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Almost no effort at all in comparison to trying to turn the stock cam in the stock bearings. The cyl walls still had cross hatch patterns with no obvious wear. -Ram Air heads and cam -3.42 posi -TH 400 [email protected] The second cam died much quicker and I used Rhoads lifters that actually bleed off to help vacuum with larger cams (which both I have installed are within the accepted spectrum of the stock replacement springs. To clarify, Ram Ari III #48 heads and summit blueprint HO, RA III, or 068 cam. I usually shift around 5200 but it pulls to 6K rpm hard not dropping off if you aren't watching the tach.

Oil "oozing" out of the rockers while running is correct.

Oil "squirting" indicates either worn rockers or worn pushrods or both. We see it with 455s more than others, due to the excessive stroke and high stress at lower speeds (tremendous low-end torque, "flimsy" block).

The lifter bores need to be cleaned of all varnish, this can take a shotgun brass bristle brush w/acetone as a solvent.

Usually honing is not needed, and if the bores measure good, don't hone anyway. If you are using the bottle neck studs and nuts torqued to 20 ft/lbs, this is especially important because if the p-rod length isn't correct you can't adjust the preload unless you have straight studs and polylocs or adjustable nuts on the bottle neck studs (something I personally never recommend).

Break-in: -Cam has all of the lube they gave me in the kit on cam and lifter bottoms.

-As soon as it fired I made sure it stayed around 2k rpm... I am used to oil squirting all the way to the wheel wells from the rocker with valve covers off and that's at idle not 2K rpm.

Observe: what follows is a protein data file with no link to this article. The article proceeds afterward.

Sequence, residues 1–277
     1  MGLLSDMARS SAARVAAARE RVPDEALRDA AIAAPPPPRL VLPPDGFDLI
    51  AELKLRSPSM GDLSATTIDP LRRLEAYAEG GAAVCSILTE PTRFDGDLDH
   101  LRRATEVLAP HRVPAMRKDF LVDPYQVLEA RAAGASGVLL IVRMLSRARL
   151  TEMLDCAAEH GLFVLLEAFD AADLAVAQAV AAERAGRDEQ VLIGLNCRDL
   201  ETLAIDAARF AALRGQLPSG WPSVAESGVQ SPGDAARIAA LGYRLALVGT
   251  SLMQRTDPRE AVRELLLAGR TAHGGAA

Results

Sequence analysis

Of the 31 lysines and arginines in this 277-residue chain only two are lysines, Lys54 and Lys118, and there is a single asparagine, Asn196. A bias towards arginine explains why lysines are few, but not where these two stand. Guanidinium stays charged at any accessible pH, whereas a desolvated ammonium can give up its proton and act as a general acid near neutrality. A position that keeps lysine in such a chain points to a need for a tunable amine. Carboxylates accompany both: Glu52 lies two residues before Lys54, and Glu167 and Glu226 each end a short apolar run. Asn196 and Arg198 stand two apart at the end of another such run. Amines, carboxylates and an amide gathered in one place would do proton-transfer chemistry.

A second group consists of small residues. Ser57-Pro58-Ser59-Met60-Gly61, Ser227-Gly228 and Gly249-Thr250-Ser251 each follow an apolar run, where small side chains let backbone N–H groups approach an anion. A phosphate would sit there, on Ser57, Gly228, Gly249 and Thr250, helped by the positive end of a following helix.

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I have a 1971 Pontiac 400 which I have replaced the cam and bearings in twice now.

I'm about rob some bearings out of another engine I have sitting around. That said, if there is a problem w/the journal to bearing oil clearance, or the cam bearings are installed incorrectly, or the bearings themselves are incorrect, or the cam tunnel diameter is out of spec, or the tunnel not straight there can be problems. If so, do you have the correct tool that locates off the tunnel so the bearings are started straight? Needing honing is certainly not unheard of, some blocks supposedly had the bearings honed to fit the cam, so installing replacement bearings could result in an out of spec tunnel.

To start with, I'd recommend you measure the cam, bearings and cam tunnel of the block to see exactly what you have going on.

I have never heard of such a thing and have read everything Pontiac related that I could in the last 20 years. One other thing I notice about the engine is when I replaced the timing chain (which is the only part of the engine that I could tell had been apart before I took it apart) the new one was just as sloppy as the old one.